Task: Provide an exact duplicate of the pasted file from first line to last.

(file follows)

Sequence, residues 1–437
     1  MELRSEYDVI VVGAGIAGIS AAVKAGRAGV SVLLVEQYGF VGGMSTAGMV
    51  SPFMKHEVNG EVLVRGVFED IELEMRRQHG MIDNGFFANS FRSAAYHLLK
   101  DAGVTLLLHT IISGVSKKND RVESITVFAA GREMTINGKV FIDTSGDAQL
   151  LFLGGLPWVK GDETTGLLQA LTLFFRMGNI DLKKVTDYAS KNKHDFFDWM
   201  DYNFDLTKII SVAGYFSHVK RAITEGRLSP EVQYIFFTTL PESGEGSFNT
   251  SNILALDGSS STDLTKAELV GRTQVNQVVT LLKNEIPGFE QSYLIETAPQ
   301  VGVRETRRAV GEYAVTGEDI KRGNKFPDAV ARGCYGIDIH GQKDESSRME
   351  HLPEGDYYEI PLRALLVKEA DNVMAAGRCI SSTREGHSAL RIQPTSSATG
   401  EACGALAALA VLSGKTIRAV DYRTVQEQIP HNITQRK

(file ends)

Sequence, residues 1–437
     1  MELRSEYDVI VVGAGIAGIS AAVKAGRAGV SVLLVEQYGF VGGMSTAGMV
    51  SPFMKHEVNG EVLVRGVFED IELEMRRQHG MIDNGFFANS FRSAAYHLLK
   101  DAGVTLLLHT IISGVSKKND RVESITVFAA GREMTINGKV FIDTSGDAQL
   151  LFLGGLPWVK GDETTGLLQA LTLFFRMGNI DLKKVTDYAS KNKHDFFDWM
   201  DYNFDLTKII SVAGYFSHVK RAITEGRLSP EVQYIFFTTL PESGEGSFNT
   251  SNILALDGSS STDLTKAELV GRTQVNQVVT LLKNEIPGFE QSYLIETAPQ
   301  VGVRETRRAV GEYAVTGEDI KRGNKFPDAV ARGCYGIDIH GQKDESSRME
   351  HLPEGDYYEI PLRALLVKEA DNVMAAGRCI SSTREGHSAL RIQPTSSATG
   401  EACGALAALA VLSGKTIRAV DYRTVQEQIP HNITQRK